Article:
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For Our Sake and The Middle East’s, Harvard’s Protesters Should Stop Grabbing Headlines

Council on Academic Freedom at Harvard

By Addison Y. Liu
By Boaz Barak, Contributing Opinion Writer
Boaz Barak is the Gordon McKay Professor of Computer Science.

Yesterday, in protest of the war in Gaza, dozens of student organizers began an encampment at Harvard Yard, holding protests and spending the night in tents.

Many on campus support this cause. Others oppose it, finding some of the chants offensive or even antisemitic. Harvard’s administration has warned participants that the encampment violates University guidelines, igniting debates about the regulation of protests on campus.

Listening to these conversations as an Israeli-American and a Harvard professor, I have to say: Against the backdrop of a raging war, events at Harvard seem almost inconsequential.

Whether you see Israel as brutally killing more than 30,000 Palestinians, the majority of them women and children, or as defending itself against a terrorist organization that integrates its fighters among civilians, events in the Middle East make our conversations here in Cambridge about the minutiae of time, place, and manner restrictions on public speech or the contours of academic freedom seem insignificant.

And in some sense they are. After all, Harvard could decide tomorrow to divest from Israeli companies and boycott Israeli universities, or it could decide to double its investments in Israel and mandate that students take a class on Zionism. Neither would impact the course of the war 5,000 miles away in the slightest.

Given the scale of the war, I can understand why some protestors, convinced of the justness of their cause, choose to flout the seemingly petty rules of our university. However, sometimes breaking the rules is more performative than actually advancing the cause: Every day that the headlines focus on the antics of Harvard students is a day that they do not focus on Gaza. This is good for burnishing the activist resumes of some protestors, as well as for Benjamin Netanyahu, who much prefers to talk about antisemitic Ivy League students than the turmoil within his own country. But it certainly doesn’t help the people of Gaza.

The fact that our university cannot stop this war, does not mean we don’t matter. To explain why we can make a difference, let me recount a story. When I started as an assistant professor at Princeton in 2005, shortly after moving to America from Israel, one of the first students I advised was from Iran. He was not allowed to visit my home country, nor I his, and yet in the United States, we could collaborate on computer science research and find other points of commonality as well. For example, as an observant Muslim, he often ate at Princeton Hillel because Kosher meat is typically Halal.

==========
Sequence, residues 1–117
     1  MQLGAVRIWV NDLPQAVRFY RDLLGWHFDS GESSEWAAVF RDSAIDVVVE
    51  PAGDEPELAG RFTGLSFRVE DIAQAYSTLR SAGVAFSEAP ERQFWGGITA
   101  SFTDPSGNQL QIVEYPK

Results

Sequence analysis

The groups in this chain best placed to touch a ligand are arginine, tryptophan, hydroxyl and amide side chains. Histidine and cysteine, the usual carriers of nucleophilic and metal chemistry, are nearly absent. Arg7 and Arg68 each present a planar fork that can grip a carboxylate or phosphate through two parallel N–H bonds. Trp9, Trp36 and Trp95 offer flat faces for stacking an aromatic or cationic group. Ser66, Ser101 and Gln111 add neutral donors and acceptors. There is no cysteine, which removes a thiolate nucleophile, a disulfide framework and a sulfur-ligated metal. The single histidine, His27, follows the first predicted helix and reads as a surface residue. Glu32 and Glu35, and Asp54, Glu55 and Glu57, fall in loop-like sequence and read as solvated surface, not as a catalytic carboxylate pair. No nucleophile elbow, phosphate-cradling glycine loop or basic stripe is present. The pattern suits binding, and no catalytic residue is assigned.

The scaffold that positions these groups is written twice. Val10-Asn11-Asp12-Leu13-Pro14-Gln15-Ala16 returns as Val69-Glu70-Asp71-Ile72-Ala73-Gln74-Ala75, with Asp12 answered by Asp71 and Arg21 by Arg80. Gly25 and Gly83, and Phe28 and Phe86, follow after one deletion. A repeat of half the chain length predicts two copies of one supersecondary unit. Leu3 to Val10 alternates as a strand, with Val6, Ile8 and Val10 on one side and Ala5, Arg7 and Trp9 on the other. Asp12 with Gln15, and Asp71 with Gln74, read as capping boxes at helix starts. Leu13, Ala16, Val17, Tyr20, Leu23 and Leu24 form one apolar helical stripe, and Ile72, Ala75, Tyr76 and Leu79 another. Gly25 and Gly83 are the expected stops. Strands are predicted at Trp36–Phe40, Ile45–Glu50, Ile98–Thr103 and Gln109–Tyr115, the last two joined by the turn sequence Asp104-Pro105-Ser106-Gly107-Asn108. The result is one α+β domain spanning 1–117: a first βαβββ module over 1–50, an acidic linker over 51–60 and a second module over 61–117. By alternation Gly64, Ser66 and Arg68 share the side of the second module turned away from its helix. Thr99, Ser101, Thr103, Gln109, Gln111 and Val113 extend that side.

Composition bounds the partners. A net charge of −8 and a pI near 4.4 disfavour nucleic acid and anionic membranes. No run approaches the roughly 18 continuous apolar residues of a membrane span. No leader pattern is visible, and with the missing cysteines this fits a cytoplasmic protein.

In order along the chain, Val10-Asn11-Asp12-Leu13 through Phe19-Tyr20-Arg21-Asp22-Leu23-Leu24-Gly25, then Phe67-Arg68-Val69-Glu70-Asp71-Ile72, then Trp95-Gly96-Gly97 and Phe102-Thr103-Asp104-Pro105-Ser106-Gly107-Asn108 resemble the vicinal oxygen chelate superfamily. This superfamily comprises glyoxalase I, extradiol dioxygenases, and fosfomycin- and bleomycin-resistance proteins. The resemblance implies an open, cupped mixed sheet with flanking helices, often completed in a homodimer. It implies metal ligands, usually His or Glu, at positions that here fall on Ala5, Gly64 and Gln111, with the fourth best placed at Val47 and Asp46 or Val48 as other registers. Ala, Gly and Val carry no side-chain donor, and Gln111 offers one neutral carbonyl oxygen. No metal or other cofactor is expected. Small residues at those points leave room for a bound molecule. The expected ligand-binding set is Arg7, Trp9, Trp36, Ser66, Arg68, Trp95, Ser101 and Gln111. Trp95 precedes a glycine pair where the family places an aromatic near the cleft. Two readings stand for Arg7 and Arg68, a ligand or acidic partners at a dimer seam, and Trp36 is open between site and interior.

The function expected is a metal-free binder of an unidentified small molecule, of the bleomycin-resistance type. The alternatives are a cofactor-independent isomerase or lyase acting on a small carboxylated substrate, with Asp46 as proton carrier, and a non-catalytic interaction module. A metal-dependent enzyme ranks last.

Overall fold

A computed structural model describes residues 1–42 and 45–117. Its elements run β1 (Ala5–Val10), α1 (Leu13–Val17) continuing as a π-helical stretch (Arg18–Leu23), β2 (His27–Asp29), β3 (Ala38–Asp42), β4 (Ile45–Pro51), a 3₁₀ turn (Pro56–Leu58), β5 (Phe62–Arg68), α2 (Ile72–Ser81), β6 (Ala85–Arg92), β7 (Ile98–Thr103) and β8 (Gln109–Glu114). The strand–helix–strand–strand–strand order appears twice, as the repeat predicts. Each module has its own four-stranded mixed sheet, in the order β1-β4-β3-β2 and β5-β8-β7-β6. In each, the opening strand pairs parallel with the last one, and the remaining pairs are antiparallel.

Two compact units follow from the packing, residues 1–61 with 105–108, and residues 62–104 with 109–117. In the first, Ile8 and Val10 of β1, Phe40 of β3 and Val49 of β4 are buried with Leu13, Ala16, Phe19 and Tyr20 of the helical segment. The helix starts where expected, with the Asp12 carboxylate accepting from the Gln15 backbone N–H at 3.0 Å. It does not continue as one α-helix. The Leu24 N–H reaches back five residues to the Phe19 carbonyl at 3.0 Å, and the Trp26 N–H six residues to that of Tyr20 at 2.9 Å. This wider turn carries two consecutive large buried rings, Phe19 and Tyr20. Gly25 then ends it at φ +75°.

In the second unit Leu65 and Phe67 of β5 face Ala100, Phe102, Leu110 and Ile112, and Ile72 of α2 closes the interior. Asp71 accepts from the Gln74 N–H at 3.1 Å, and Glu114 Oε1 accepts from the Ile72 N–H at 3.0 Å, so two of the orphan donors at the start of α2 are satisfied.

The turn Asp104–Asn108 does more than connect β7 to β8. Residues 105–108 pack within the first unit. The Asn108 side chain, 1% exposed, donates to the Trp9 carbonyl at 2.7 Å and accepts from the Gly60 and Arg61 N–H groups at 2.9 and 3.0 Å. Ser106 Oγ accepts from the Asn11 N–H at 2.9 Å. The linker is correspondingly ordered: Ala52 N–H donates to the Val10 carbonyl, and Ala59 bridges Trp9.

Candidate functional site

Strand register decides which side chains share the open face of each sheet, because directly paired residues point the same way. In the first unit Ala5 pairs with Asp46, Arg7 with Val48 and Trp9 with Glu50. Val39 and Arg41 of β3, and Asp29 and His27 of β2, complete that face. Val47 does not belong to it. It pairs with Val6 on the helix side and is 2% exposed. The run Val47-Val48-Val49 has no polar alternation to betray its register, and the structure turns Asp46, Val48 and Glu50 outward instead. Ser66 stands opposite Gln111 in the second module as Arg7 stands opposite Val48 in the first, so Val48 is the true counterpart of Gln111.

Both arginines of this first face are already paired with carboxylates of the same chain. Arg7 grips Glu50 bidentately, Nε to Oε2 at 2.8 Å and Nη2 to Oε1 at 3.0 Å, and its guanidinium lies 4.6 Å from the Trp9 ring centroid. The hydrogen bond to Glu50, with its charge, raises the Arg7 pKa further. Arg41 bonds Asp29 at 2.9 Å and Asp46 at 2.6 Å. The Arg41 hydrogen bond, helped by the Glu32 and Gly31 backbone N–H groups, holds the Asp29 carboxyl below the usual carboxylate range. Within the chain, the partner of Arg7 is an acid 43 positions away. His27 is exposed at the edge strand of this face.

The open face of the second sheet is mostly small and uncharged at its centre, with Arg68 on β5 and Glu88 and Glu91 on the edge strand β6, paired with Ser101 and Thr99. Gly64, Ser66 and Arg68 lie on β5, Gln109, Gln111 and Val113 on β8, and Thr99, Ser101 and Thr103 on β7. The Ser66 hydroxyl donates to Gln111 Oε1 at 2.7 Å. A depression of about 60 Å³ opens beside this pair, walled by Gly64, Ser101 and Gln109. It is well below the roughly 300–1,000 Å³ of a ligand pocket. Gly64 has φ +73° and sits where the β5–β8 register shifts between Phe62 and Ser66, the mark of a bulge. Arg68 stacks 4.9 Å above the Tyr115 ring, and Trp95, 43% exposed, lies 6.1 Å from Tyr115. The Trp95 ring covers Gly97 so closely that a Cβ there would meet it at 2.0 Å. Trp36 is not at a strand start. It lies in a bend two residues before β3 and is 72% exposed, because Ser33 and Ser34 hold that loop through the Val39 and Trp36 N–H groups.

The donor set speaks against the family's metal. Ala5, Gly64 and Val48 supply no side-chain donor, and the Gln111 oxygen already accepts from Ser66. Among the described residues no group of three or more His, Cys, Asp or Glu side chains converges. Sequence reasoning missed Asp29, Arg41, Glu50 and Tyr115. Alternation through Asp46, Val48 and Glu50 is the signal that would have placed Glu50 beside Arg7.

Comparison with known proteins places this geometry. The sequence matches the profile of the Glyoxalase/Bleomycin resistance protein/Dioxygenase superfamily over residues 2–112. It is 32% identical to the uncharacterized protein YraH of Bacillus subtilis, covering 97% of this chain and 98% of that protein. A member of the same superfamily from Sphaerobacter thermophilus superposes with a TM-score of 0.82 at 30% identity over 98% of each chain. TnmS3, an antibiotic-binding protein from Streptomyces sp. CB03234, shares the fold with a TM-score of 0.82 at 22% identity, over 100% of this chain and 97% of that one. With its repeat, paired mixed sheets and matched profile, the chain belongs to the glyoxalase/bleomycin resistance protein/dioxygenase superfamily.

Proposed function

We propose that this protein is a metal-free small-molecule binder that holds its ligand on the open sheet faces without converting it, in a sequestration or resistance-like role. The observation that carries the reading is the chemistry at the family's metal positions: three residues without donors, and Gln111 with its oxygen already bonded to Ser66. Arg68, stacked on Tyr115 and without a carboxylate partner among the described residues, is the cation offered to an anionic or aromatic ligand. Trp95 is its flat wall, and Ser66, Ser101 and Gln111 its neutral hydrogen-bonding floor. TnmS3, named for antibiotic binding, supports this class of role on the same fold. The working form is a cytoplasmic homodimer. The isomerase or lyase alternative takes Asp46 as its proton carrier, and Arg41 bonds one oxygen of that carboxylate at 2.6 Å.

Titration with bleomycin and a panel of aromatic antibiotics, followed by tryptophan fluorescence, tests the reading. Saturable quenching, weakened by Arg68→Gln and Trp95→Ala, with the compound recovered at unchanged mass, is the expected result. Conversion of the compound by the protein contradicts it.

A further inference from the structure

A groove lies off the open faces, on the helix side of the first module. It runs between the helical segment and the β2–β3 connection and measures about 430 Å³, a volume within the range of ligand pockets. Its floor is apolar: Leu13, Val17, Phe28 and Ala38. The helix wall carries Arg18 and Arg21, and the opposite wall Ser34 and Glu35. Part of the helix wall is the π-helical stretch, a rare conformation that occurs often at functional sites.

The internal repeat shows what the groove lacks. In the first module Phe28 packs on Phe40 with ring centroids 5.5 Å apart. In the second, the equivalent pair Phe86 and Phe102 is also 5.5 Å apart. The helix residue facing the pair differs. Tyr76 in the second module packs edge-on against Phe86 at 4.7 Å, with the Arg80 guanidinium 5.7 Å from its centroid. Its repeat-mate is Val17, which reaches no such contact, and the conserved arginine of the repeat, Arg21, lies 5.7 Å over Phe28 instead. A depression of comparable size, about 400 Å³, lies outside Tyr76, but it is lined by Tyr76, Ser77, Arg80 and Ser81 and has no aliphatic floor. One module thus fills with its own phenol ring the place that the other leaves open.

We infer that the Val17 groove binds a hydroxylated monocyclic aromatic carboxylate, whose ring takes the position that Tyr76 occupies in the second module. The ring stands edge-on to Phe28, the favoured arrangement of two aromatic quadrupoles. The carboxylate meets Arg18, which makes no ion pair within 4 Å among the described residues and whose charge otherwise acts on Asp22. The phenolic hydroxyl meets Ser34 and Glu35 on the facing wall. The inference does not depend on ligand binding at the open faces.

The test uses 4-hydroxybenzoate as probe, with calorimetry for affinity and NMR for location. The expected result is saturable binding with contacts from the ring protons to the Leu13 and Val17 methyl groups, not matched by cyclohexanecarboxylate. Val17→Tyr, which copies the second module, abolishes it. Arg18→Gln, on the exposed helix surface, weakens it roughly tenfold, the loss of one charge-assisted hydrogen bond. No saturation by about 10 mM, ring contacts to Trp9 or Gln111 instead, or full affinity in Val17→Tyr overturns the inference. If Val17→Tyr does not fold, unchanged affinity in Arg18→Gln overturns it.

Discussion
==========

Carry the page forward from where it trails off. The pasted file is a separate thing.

In the intervening decades, I have worked with scholars of many nationalities, religions, and backgrounds. This diversity is a hallmark of the American higher education system and is part of the reason that the United States has some of the best universities in the world — Harvard included.

Approximately seven million Jews and seven million Arabs live between the Jordan River and the Mediterranean Sea. Neither the chants of Harvard protestors nor those of the settlers in the West Bank will change the fact that both people are there to stay, and that the land will never be fully Arab nor fully Jewish.

Jews and Arabs will either continue the cycle of violence or find a way to peacefully coexist. While academic institutions cannot alter the current conflict, if we do our job right, Harvard-educated leaders may help create a better future for both Palestinians and Israelis.

In an ideal world, Harvard would be a place for people of different beliefs to engage in dialogue and find solutions and common ground. Lately, though, we have become a place where people talk at each other rather than to each other.

Even when we invite speakers of opposing beliefs, they rarely share a stage. Rather, we support those with whom we already agree and protest those we oppose. The few organizations trying to preserve some semblance of discussion across difference — such as Standing Together, an organization that seeks to foster partnership between Jews and Arabs — are attacked by all sides. At Harvard, tellingly, their posters were torn down.

We often discuss whether protest regulations and restrictions are too tough or too lax. Don’t get me wrong — these conversations are important. A university should allow vigorous expressions of opinions, even when they cause some amount of disorder. There are worse things than a few tents on a lawn.

But the University must also balance the right to protest with the safety of its students and the ability to conduct its business. Unfortunately, no matter how lax the rules are, those on the extremes of a movement will always believe that they are made to be broken.

Ultimately, a university's culture is more important than its rules or regulations. We must all ask ourselves whether we prefer the comfort of interacting only with those who agree with us or if we came here to engage in difficult conversations.

If it is the latter — which I sincerely hope — we must be prepared to encounter speech on campus that we find not only wrong but offensive and even hateful.

Alternatively, we could choose to retreat into our safe spaces, interacting solely with those who echo our own perspectives. It is a fine way to live one’s life, but a waste of the precious opportunity that we have all been granted.

Boaz Barak is the Gordon McKay Professor of Computer Science.

His piece is part of the Council on Academic Freedom at Harvard’s column.

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